Patient beliefs and behaviors about genomic risk for type 2 diabetes: implications for prevention.

Journal Article (Journal Article)

Type 2 diabetes is a major health burden in the United States, and population trends suggest this burden will increase. High interest in, and increased availability of, testing for genetic risk of type 2 diabetes presents a new opportunity for reducing type 2 diabetes risk for many patients; however, to date, there is little evidence that genetic testing positively affects type 2 diabetes prevention. Genetic information may not fit patients' illness representations, which may reduce the chances of risk-reducing behavior changes. The present study aimed to examine illness representations in a clinical sample who are at risk for type 2 diabetes and interested in genetic testing. The authors used the Common Sense Model to analyze survey responses of 409 patients with type 2 diabetes risk factors. Patients were interested in genetic testing for type 2 diabetes risk and believed in its importance. Most patients believed that genetic factors are important to developing type 2 diabetes (67%), that diet and exercise are effective in preventing type 2 diabetes (95%), and that lifestyle changes are more effective than drugs (86%). Belief in genetic causality was not related to poorer self-reported health behaviors. These results suggest that patients' interest in genetic testing for type 2 diabetes might produce a teachable moment that clinicians can use to counsel behavior change.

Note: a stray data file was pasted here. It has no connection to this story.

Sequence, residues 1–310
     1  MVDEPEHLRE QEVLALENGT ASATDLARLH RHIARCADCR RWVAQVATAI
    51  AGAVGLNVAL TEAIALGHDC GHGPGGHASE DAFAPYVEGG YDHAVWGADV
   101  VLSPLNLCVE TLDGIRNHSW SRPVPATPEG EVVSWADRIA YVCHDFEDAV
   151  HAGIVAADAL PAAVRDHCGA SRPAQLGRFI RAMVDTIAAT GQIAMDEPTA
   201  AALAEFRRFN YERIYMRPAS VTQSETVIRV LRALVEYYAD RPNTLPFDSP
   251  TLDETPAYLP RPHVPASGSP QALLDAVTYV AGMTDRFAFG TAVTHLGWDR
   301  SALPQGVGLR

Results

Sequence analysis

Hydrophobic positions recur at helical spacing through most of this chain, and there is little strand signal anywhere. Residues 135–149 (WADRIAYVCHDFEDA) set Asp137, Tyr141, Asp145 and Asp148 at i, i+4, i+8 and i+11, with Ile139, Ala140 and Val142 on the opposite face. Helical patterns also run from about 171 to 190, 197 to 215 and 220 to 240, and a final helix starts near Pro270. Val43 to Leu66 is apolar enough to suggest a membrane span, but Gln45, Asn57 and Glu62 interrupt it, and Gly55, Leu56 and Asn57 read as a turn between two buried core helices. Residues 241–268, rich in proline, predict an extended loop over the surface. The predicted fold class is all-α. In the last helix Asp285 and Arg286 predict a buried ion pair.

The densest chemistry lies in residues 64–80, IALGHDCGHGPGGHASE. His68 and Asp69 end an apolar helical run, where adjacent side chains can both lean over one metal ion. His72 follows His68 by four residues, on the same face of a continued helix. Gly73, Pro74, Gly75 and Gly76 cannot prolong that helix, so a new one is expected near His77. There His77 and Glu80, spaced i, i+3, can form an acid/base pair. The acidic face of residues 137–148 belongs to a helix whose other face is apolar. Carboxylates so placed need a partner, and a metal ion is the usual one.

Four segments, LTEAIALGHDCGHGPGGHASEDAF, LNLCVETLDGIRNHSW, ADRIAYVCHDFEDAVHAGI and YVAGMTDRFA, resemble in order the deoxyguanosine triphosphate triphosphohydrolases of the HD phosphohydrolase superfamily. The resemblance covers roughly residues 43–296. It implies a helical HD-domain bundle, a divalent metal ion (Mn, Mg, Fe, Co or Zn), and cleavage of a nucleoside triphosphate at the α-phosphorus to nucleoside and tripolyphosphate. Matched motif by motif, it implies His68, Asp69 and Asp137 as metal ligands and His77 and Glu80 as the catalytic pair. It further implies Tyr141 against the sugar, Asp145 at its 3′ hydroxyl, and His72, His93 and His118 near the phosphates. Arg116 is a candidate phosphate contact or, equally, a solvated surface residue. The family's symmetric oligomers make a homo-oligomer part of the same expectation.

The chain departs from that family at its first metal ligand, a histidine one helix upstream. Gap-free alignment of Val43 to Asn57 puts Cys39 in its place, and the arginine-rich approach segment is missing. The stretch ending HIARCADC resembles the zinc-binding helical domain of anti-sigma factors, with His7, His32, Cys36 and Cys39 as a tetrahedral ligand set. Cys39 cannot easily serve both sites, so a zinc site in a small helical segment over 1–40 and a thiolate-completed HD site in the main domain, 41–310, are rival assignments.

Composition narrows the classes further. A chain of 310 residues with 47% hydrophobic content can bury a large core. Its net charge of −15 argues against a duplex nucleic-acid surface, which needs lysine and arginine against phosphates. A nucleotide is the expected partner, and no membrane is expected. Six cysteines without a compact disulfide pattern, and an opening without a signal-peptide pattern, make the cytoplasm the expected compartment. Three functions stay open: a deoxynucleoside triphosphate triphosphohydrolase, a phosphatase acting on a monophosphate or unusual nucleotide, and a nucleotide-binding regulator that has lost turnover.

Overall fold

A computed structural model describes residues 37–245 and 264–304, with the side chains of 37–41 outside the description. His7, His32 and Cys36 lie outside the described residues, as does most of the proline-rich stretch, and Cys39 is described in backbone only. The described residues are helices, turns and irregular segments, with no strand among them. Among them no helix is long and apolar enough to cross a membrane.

Full Text

Duke Authors

Cited Authors

  • Gallagher, P; King, HA; Haga, SB; Orlando, LA; Joy, SV; Trujillo, GM; Scott, WM; Bembe, M; Creighton, DL; Cho, AH; Ginsburg, GS; Vorderstrasse, A

Published Date

  • 2015

Published In

Volume / Issue

  • 20 / 6

Start / End Page

  • 728 - 735

PubMed ID

  • 25844569

Electronic International Standard Serial Number (EISSN)

  • 1087-0415

Digital Object Identifier (DOI)

  • 10.1080/10810730.2015.1018563


  • eng

Conference Location

  • United States